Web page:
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Made primarily from sugar and ground apricot or peach cores, persipan is a substitute for the dessert filling marzipan. The term itself is a hybrid of the scientific name for the peach, Prunus persica, and "marzipan." The filling is created in the same way marzipan is made, but since it uses peach cores instead of almonds, it is considerably cheaper than marzipan.
Like marzipan, persipan is made worldwide but is most popular in Europe. Whereas marzipan is created by grinding almonds and mixing them with sugar, persipan is created by grinding peach or apricot pits, often called kernels, and adding those to sugar. This combination creates a paste from which the filling is created, generally by adding more sugar. The paste will contain about 35 percent sugar. The filling, however, will have closer to 60 percent sugar.
Unlike marzipan, persipan often contains 0.5 percent starch. Since the fillings closely resemble each other, the starch is often a required addition so persipan can be easily distinguished visually from marzipan using an iodine test. When iodine solution comes in contact with starch, it dyes the starch dark purple.
Both peach and apricot kernels are poisonous in their raw state. They contain amygdalin, which, when broken down, becomes hydrogen cyanide. These kernels are never safe to eat raw and must be processed before they are used in order to remove the toxin. The toxin is also the reason these fruit cores are not often used in food production and are, therefore, less costly.
Persipan is generally considered of lower quality than marzipan. There is also a difference in taste which some people prefer over marzipan. Additionally, persipan often contains more sugar than its more expensive counterpart in order to combat the bitter taste of the fruit kernels.
Although persipan can be used as a substitute for marzipan in any type of dish, commercially, cake fillings and cookies are the most common desserts that use the substitute. Marzipan is also frequently found in candies, but persipan is rarely used commercially for candy treats. The paste, however, can be purchased online or in some European stores for use in homemade desserts.
Since they are often an ingredient in holiday treats, both fillings are most frequently found around Christmas. In Germany, however, both can be found year-round. In the United States, these fillings are far less popular. Though marzipan can be found commercially in the US, generally around the holiday season, most Americans are not familiar with persipan at all.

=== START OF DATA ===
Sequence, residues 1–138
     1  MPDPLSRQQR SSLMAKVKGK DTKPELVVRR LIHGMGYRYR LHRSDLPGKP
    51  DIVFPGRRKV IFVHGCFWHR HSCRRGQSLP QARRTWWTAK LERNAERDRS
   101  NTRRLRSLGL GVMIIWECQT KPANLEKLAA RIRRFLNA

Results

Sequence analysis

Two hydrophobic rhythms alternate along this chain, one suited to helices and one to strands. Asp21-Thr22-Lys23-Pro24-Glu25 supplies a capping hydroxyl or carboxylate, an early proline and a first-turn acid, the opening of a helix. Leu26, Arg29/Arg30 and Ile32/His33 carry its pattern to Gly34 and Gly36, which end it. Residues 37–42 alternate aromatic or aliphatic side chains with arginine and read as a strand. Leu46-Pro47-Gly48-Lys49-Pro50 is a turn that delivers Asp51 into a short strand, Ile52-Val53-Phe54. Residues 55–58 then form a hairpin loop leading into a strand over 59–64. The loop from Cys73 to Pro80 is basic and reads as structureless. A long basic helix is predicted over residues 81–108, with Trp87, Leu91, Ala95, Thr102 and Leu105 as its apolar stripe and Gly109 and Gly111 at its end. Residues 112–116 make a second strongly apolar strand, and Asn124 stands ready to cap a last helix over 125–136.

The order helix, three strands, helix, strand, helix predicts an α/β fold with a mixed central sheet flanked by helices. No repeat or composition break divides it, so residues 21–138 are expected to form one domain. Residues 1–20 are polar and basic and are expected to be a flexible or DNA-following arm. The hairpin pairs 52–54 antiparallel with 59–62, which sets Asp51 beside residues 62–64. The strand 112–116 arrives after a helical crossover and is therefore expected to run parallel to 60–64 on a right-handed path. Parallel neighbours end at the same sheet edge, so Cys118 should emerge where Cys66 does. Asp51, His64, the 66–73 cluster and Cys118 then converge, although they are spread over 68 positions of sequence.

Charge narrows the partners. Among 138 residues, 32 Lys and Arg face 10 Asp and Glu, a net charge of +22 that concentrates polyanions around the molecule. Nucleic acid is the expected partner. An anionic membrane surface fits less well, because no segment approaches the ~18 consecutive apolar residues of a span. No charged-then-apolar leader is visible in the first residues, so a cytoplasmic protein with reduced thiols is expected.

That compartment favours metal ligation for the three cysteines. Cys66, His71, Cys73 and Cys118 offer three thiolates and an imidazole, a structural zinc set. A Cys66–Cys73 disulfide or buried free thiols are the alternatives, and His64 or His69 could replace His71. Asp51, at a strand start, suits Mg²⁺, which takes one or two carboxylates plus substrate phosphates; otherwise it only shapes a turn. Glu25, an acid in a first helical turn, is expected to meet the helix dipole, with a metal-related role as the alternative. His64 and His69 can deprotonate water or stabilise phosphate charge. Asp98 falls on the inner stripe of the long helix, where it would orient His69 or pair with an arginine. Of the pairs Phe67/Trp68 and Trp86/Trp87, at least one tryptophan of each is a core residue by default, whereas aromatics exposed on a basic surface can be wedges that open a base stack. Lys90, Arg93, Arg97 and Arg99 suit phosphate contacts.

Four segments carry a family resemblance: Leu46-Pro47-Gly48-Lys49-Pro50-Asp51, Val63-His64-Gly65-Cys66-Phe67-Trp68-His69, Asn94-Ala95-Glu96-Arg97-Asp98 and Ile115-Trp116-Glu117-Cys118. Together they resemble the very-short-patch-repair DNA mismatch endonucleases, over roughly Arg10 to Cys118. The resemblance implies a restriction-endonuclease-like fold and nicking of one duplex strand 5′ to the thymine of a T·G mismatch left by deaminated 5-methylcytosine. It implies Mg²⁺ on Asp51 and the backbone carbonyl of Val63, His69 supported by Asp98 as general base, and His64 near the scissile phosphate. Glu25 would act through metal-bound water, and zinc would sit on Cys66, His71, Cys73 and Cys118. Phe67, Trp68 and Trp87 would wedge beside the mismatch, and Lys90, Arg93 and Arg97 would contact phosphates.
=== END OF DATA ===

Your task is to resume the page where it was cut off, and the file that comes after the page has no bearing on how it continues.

FAQ on Persipan
What is persipan and how is it different from marzipan?
Persipan is a paste similar to marzipan but made primarily from apricot or peach kernels instead of almonds. The kernels give persipan a slightly different taste and a more bitter flavor compared to the sweet, nutty flavor of marzipan. While marzipan is smooth and easily colored or flavored, persipan has a coarser texture and is less malleable, making it less suitable for detailed sculpting but still useful for fillings and baked goods.
Can people with nut allergies safely consume persipan?
Although persipan is made from apricot or peach kernels, which are not nuts, it may still pose a risk for individuals with nut allergies. This is because the proteins in these kernels can be similar to those found in almonds and other tree nuts, potentially triggering an allergic reaction. It's essential for those with nut allergies to consult with a healthcare provider before consuming persipan.
Is persipan vegan and gluten-free?
Persipan is typically vegan as it is made from fruit kernels, sugar, and a binding agent such as starch. However, it's important to check the label for any additional ingredients that may not be vegan. As for being gluten-free, persipan itself does not contain gluten, but it can be processed in facilities that handle gluten-containing products, so those with celiac disease or gluten sensitivity should look for a certified gluten-free label.
How is persipan used in cooking and baking?
Persipan is commonly used as a filling in pastries, cakes, and confections. It can be found in traditional European baked goods such as stollen, a German fruit bread, or used as a layer in various tarts and pies. Its ability to withstand high temperatures without melting makes it ideal for baking. Additionally, persipan can be rolled out and used as a covering for cakes, similar to marzipan.
Where can I buy persipan and how should I store it?
Persipan can be purchased at specialty baking stores, online retailers, or in some European markets. It may not be as readily available as marzipan, so it might require a bit of searching. Once acquired, persipan should be wrapped tightly in plastic wrap and stored in a cool, dry place. It can also be refrigerated to extend its shelf life, but should be brought to room temperature before use for best results.